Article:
Tetralogy of Fallot – causes, side effects and treatments at NaturalPedia.com

Wednesday, July 04, 2018 by

The tetralogy of Fallot (or ToF, the last word is pronounced fuh-LOW) refers to a rare, yet severe, condition where an infant has four heart defects at birth, which results in oxygen-poor blood to flow out of the heart and the rest of the body. Most infants with the condition have blue-tinged skin, a condition called cyanosis, as a result of the disorder.

Most cases of ToF are diagnosed during infancy or soon after, but some people experience the symptoms and are diagnosed much later in life. If the condition is diagnosed early, and appropriate measures have been undertaken, a lot of people with ToF live relatively normal lives, with only some restrictions on exercise and need for regular medical care.

Known risk factors and symptoms of tetralogy of Fallot

The classic form of ToF includes four defects in the heart, as well as its blood vessels, including:

  • Ventricular septal defect – a hole between the left and right ventricles
  • Narrowed pulmonary outflow tract – This is the valve that connects the heart with the lungs.
  • Overriding aorta – The aorta, the main artery that carries oxygen-rich blood to the body, is shifted to the right ventricle instead of the left.
  • Right ventricular hypertrophy – a thickened right ventricle wall

Like other forms of congenital heart defects, the cause of ToF is unclear. However, certain habits or diseases during pregnancy may increase the risk of the condition.

  • Alcoholism
  • Diabetes
  • Age – Women who are over 40 years old while pregnant are more likely to deliver a child with ToF
  • Poor nutrition during pregnancy
  • Viral infection such as rubella

Children with ToF can also have chromosome disorders, including Down syndrome, Alagille syndrome, and DiGeorge syndrome.

Aside from cyanosis, which is an important sign of ToF, infants may exhibit what is called a “tet spell,” where oxygen levels in the blood drop dangerously low and cause the baby to become blue, after crying or having a bowel movement. ToF in infants can also cause symptoms such as:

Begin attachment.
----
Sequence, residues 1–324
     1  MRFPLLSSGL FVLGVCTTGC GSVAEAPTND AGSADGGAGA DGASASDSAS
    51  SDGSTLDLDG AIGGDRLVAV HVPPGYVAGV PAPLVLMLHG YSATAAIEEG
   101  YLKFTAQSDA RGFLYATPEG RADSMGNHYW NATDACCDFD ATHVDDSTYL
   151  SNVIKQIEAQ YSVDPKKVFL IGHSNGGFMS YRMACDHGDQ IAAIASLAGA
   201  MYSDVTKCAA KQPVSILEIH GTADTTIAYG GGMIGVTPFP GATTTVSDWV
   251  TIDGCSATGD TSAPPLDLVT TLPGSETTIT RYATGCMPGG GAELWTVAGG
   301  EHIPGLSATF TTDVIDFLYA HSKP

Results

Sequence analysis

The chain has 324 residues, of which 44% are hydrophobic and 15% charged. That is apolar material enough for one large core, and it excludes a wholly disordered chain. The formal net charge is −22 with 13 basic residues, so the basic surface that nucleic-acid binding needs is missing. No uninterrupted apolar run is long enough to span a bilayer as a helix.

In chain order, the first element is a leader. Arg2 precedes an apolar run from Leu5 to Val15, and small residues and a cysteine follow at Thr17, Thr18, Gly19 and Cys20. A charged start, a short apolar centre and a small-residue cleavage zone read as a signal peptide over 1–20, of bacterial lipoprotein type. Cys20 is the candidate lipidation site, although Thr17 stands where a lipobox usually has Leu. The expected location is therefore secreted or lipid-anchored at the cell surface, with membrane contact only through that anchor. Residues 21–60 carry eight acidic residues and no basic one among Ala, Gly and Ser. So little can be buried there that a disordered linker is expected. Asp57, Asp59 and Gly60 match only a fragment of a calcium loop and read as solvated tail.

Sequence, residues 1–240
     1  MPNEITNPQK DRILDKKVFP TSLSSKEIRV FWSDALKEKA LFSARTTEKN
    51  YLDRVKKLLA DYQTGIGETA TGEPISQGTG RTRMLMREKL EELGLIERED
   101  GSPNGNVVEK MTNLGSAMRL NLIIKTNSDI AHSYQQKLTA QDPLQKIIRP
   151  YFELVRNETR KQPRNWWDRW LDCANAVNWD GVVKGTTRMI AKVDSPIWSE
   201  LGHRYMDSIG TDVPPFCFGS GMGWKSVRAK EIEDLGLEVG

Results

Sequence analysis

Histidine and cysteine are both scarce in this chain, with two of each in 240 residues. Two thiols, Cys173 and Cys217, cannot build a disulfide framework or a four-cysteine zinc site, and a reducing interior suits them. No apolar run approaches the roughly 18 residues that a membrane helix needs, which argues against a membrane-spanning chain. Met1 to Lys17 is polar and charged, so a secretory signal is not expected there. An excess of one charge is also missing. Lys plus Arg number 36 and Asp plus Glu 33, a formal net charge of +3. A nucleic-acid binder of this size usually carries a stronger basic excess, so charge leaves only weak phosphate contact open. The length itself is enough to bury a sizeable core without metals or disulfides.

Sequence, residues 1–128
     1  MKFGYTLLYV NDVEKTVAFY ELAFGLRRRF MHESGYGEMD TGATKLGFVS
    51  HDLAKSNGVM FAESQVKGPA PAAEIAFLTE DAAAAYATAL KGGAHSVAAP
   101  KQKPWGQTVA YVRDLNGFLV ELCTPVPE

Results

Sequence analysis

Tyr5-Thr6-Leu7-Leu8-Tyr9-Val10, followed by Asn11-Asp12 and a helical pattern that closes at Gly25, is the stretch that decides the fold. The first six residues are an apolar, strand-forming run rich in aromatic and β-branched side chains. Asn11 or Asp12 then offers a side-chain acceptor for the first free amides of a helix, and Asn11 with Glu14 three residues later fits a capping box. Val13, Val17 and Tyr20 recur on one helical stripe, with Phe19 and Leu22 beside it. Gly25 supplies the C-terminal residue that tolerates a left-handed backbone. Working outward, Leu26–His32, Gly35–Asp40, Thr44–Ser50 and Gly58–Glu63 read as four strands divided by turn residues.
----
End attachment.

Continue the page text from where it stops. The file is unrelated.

• Difficulty breathing
  • Extreme fatigue and limpness – an infant with ToF will tire easily during feeding. This can lead to less weight gain than healthy infants.
  • Being unresponsive to a parent’s voice or touch
  • Being fussy
  • Passing out

If ToF isn’t treated during infancy, a child would pass out during exercise later on.

Another sign of ToF is the presence of heart murmurs, an unusual sound heard while listening to the heart, because of abnormal blood flow. However, not all heart murmurs are immediate signs of ToF, as these can occur even in healthy children.

Clubbing, the widening or rounding of skin or bone around the tips of the fingers, is another sign of ToF.

Body systems affected by tetralogy of Fallot

The following complications can result in people with ToF.

  • Problems with heart function – Even after an operation to address ToF, the heart muscles will weaken and result in a decreased capacity to pump blood, as well as problems with blood pressure regulation.
  • Arrhythmias – Those with a repaired ToF usually experience disturbances in heart rhythm called arrhythmias. In some cases, this may cause dizziness and fainting; however, more severe cases need pacemakers or implantable defibrillators to regulate the condition.